Faster than kwaito, Amapiano lifts 1990s kwaito bass lines and the militaristic percussion of the South African house sound bacardi. “It’s almost like it’s the heartbeat of the youth at the moment,” Busiswa, 32, says of Amapiano.
The sound reached its cultural peak around 2018, and while it continued to make waves in the years that followed, by early 2019, amapiano had taken over South African radio and clubs.
Amapiano began to gain traction in South African townships — historically racially segregated residential areas — in 2016.
Most Amapiano isn’t sung in English, which Maphorisa acknowledges can be a hindrance to global penetration in a Western hegemony. He says that South Africans, about 17 percent of whom speak English outside their homes, can be put off by English in local music; it appears hoity.
With his sights set beyond South Africa, Maphorisa is strategising to incorporate a bit more English into his music: “You don’t have to use it much, as long as the person can understand you’re talking about love or heartbreak,” he says.
According to Busiswa, Maphorisa is often thought of as pushing Amapiano into the mainstream, but he has followed the path lit by pioneers like DJ Stokie, Junior Taurus, MFR Souls, Mr JazziQ and Josiah De Disciple, and Kabza De Small. Maphorisa credits Kabza, a 28-year-old DJ and producer from Pretoria, with being one of the first acts to lay vocals atop Amapiano beats.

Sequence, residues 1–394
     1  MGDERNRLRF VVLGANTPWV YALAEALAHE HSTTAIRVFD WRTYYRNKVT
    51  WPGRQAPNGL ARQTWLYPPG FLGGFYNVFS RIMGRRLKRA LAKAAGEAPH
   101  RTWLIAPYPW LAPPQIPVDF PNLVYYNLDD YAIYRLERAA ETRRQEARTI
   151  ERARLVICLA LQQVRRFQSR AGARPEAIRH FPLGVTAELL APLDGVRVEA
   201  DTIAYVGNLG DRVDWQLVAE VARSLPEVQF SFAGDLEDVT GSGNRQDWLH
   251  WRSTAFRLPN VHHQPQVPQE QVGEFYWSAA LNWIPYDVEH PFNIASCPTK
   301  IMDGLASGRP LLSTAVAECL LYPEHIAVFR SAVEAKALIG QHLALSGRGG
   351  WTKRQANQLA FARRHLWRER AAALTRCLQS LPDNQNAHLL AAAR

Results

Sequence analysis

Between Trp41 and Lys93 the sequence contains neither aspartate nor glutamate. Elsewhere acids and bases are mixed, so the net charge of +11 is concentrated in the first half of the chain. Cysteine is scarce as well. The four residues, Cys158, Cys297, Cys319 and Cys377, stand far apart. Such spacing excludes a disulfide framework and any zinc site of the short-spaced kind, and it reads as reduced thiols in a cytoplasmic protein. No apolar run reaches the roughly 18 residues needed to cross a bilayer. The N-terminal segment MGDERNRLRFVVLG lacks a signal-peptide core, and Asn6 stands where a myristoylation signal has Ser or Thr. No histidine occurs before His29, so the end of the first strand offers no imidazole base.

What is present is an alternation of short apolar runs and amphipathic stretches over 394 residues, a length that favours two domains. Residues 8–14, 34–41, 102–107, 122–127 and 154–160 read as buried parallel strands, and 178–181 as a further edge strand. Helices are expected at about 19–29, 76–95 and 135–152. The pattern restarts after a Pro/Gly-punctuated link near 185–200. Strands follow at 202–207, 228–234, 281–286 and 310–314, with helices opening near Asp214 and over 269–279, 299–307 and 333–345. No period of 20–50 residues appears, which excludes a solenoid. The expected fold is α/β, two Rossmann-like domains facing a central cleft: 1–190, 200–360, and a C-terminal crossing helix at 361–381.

As a solo artist, Kabza has been the most-streamed local musician on Spotify South Africa for the past two years. His 2020 solo album, I Am the King of Amapiano: Sweet and Dust, was the most popular South African project in Apple Music’s history.
For his part, Kabza is a Maphorisa fan, and in 2019 the pair formed the duo Scorpion Kings, rapidly releasing five studio EPs and albums, plus a live album, together since.
A promising sign of Amapiano’s potential for global impact is its popularity across Africa, and particularly Nigeria, which is emerging as the world’s fastest-growing entertainment and media market.
Artistes like Busiswa, Maphorisa and Rema share a vision of musical pan-Africanism, in which any artiste from the continent may experiment with any sound. “It’s just better for everybody if we unite and move forward together,” says Busiswa.